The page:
Once a transport of seventy Gypsies from near Warsaw was brought in. These men, women and children were destitute. All they had was some soiled underwear and ragged clothes. When they came into the yard, they were glad. They thought they had entered an enchanted place. No less glad were the hangmen for they wiped them out just as they did the Jews. Within a few hours all was quiet and nothing was left but their corpses.
We were fed badly, transports ceased to arrive, hence there were no hapless purveyors of food and old supplies were only grudgingly issued. All we had to eat was mildewed bread which we washed down with water. Malnutrition caused an epidemic of typhoid.
At that time [the Soviet massacre of Poles at] Katyn was being much talked about by the Germans, who used the topic for propaganda purposes.
Accidentally, we got hold of a newspaper from which we learned about those atrocities. According to rumors, Himmler himself had come to Treblinka because of those incidents and ordered that all the corpses of the murdered victims be burned.… They were loath to leave any tell-tale traces behind them, so it became necessary to find some way to remove all the evidence.
At last an “Oberschaarfuehrer” with an “SS” badge pinned to his tunic came to the camp and what he introduced was a veritable hell.
This is the way he got the hell started. He put a machine for exhuming the corpses into operation, which could, in one motion dig up many, many dead bodies. A fire grate made of railway ties was laid out on cement foundations, and workmen had to pile the corpses on the grating and set them on fire.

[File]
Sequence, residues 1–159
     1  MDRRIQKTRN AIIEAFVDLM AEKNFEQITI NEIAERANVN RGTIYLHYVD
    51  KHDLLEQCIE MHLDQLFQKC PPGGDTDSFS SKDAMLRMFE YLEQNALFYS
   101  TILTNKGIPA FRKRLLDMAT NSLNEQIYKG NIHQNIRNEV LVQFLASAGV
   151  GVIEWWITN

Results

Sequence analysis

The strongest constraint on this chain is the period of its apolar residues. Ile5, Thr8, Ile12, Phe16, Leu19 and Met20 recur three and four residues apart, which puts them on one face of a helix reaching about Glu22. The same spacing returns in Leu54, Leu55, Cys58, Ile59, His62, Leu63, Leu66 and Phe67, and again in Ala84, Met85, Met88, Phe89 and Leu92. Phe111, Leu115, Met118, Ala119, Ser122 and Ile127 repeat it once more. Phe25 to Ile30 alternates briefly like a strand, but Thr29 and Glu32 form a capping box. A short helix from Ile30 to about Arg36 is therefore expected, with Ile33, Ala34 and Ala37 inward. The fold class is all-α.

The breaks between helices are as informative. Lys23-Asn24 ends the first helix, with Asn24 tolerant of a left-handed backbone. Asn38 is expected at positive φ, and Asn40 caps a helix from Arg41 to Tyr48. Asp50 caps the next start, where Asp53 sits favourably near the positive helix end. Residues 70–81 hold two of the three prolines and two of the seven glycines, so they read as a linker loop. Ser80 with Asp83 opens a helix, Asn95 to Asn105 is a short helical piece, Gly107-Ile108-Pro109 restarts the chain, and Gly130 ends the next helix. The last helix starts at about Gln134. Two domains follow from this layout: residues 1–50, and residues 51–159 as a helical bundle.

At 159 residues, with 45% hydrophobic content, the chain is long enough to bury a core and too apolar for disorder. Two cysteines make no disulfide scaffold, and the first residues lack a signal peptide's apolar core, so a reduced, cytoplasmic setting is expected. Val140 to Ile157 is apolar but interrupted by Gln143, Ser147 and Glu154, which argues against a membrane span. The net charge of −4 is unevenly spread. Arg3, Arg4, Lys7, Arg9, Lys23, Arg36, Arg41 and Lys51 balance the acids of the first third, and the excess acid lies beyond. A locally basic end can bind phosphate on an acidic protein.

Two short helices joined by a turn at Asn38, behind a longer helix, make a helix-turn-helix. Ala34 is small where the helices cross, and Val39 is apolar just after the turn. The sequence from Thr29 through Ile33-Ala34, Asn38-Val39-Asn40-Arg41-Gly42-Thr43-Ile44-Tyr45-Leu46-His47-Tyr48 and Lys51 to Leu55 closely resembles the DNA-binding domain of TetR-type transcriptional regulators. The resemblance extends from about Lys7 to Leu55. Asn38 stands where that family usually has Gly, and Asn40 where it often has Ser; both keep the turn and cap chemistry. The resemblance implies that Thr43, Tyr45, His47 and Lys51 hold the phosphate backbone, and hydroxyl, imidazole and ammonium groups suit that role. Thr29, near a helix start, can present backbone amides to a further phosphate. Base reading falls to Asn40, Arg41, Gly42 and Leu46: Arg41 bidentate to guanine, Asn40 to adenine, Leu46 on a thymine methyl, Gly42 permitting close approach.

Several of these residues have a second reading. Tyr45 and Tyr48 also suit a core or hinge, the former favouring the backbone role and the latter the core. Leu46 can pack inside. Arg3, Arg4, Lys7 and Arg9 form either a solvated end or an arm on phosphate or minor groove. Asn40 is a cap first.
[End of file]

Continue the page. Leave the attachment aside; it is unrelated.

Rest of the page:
I am not a young man and I have seen a lot in my lifetime, but Lucifer himself could not possibly have devised a worse hell. Can you imagine 3,000 corpses, recently alive, burning all at once on such an immense pyre?
The cremation of the corpses proved a complete success. The Germans built additional fire grates and augmented the crews serving them, so that from 10,000 to 12,000 corpses were cremated at one time. The result was one huge inferno, which from the distance looked like a volcano breaking through the earth’s crust to belch forth fire and lava. The pyres siz-zled and crackled. Smoke and heat made it impossible to remain close by.
April 1943 came around, and transports began to come in from Warsaw. These people were treated with exceptional brutality, due to the armed struggle, which raged in the Warsaw Ghetto at that time….
A number of men from Camp No. 1 were sent into our camp as workers…. [They told us] that mutiny was planned in Camp No. 1 and that a revolt would take place…. We decided that by spring we would either try for freedom or perish….
The workers from Camp No. 1 were continually threatened with whippings and by comparison with them we enjoyed real freedom. We took advantage of our relative freedom for our own purposes. Some of us drew our guard into conversation to divert his attention, while others used the opportunity to contact inmates of Camp No. 1.
In due time, we became members of the secret organization’s committee, a fact that gave some prospects of deliverance or of heroic death. All this involved considerable risk because of the watchfulness of the guards and strong fortifications of the camp. However, “freedom or death” was our motto.